My name is Ashely Smith. It’s one of the most common names in the United States (especially if you were born in the 80s), except my first name is misspelled on account of my dad, who just couldn’t spell so good.
I’m a middle child of five siblings. Pale-skinned, freckle-faced and ordinary. I was born in Milton, Florida, 15 minutes from the Alabama state line. Its original name was “Hell Town” because the mosquitoes, snakes, briar patches, alligators and hot, humid weather left it undesirable to anyone with a lick of common sense.
Now I sit in my plant-filled sunroom in St. Petersburg, Florida, watching the remnants of another fantastic sunrise turn into a bright white sky. My Mercedes SUV sits in the driveway — a societal testament that I’ve graduated from roads made of clay and whip antennas.
Milton is all but a distant memory. Yet, when I think back to everything that had to happen to get me here, gratitude wells up in my chest for what I didn’t know at the time was the experiencethat I needed to get me to the next level of my life.
I needed to grow up poor. I needed my dad to leave us at 8 years old. I needed to learn the hard way that I was fueled by a deep rejection from father figures — that’s why I always got my heart broken by the many “bad boys” that roamed around town. I needed there to be an old skating rink where I would spend hours rolling around on the slick rink floor, and I needed to love it deeply.
Ten years ago, I was really trying to get it together, especially for my newborn daughter. I enrolled in college and started working hard to become a dental hygienist — a $70,000 annual salary and a 35-hour work week sounded pretty sweet to me.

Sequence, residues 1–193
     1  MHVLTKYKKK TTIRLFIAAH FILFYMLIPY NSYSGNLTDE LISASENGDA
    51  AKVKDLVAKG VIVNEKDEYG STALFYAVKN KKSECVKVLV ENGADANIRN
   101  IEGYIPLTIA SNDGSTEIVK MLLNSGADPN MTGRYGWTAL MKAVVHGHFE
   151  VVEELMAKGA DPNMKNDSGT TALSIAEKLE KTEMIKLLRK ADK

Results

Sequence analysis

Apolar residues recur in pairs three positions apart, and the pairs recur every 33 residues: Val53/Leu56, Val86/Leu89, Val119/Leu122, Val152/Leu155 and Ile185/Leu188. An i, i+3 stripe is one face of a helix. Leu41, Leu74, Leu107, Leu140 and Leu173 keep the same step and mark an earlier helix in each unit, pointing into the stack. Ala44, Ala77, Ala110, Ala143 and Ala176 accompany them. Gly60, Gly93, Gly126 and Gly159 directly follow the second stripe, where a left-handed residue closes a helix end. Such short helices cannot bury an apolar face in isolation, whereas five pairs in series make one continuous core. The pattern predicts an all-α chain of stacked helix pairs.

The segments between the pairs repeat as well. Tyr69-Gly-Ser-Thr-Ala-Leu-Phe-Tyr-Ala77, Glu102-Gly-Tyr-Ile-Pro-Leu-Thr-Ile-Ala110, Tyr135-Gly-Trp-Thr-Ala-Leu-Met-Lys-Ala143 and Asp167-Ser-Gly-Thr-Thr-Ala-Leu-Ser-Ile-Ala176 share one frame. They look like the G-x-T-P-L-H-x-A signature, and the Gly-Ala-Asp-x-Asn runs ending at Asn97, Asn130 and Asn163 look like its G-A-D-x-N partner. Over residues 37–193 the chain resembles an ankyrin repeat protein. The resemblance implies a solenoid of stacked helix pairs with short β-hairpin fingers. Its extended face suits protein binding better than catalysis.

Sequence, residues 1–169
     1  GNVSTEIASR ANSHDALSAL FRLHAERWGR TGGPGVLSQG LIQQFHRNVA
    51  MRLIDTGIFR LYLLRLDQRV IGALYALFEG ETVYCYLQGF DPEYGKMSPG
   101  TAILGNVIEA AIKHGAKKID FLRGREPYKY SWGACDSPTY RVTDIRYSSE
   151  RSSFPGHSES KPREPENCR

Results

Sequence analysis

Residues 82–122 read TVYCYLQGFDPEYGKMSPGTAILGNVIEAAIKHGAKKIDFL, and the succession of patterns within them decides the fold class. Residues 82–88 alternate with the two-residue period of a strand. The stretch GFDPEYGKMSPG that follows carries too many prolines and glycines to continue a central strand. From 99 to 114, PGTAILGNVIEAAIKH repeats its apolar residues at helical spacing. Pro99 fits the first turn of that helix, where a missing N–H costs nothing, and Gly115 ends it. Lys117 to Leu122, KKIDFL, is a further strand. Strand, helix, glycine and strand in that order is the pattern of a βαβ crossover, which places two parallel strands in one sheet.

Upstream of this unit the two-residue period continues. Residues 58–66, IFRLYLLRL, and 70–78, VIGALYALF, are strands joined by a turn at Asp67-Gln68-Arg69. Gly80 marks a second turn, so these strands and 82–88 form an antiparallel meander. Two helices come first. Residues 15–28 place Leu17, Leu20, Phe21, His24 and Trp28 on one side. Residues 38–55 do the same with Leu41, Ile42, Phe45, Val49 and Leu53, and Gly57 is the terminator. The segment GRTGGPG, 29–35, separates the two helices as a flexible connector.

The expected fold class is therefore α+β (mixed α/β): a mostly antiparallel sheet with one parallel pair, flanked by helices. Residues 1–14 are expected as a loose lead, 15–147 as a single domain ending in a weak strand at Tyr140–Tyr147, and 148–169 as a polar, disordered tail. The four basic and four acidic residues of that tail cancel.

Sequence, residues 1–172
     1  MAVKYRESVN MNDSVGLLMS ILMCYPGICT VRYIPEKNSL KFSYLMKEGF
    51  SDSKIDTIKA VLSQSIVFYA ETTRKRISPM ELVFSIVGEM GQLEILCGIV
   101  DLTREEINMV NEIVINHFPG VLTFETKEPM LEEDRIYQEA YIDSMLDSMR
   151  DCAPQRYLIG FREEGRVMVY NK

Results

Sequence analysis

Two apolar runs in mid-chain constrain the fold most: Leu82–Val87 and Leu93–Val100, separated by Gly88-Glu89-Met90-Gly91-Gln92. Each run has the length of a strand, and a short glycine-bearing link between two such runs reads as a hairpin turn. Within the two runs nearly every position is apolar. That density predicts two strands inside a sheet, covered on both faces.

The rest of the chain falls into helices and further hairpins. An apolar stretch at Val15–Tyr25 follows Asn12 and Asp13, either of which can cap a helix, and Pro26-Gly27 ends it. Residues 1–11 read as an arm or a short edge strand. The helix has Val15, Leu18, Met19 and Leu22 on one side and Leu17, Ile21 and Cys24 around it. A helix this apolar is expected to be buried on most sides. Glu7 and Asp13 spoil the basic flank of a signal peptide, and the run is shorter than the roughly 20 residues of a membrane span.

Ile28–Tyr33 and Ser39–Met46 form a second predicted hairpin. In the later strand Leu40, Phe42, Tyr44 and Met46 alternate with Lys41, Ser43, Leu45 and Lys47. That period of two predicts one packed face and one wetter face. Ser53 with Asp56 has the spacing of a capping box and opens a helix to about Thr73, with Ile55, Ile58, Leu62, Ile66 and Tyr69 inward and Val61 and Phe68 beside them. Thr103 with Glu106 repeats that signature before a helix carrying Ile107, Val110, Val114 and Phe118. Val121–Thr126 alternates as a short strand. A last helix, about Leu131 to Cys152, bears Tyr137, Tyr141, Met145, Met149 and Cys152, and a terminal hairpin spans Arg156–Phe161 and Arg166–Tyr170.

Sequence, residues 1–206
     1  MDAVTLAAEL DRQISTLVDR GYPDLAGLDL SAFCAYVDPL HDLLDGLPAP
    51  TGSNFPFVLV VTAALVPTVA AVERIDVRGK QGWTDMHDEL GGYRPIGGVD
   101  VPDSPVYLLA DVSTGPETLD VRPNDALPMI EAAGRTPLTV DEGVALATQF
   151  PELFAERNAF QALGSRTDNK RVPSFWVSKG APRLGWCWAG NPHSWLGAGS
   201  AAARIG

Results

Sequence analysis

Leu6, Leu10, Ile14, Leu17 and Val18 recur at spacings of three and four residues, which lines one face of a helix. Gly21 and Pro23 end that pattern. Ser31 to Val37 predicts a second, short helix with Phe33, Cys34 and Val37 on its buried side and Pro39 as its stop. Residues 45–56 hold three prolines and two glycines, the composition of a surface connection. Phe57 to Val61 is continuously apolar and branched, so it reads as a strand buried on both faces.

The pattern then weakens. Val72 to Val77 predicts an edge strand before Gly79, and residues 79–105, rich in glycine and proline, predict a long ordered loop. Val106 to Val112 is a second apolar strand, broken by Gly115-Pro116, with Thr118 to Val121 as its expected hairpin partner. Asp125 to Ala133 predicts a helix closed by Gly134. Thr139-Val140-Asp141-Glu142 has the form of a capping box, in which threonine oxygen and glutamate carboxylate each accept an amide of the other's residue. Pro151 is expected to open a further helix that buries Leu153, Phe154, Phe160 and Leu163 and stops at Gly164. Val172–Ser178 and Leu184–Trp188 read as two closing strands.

To gain some experience in the field, I got a job as a dental assistant and laboratory technician. And to escape the tumultuous arguing with bad boy #37, I played roller derby in the evenings.
One night, I showed up to derby practice wearing a mouth guard I made at the dental office — with my derby name “Slim Skatey” written across the front — and my future began to take shape. The derby girls loved my mouthguard, so much so that they asked to buy some from me.
I bought a thermoforming machine, a die-cutting printer for the vinyl, ordered the material online and set up shop in my laundry closet. I’ve come a long way since using the top of the washer and dryer as my workspace.
I read somewhere that when you go to work on your business, you’re really going to work on yourself. Your business is a direct reflection of you. It will never exceed who you are. So, if you want more, you have to become more.
With that said, here are seven tips for anyone that has ever had an inkling that they deserve more out of life.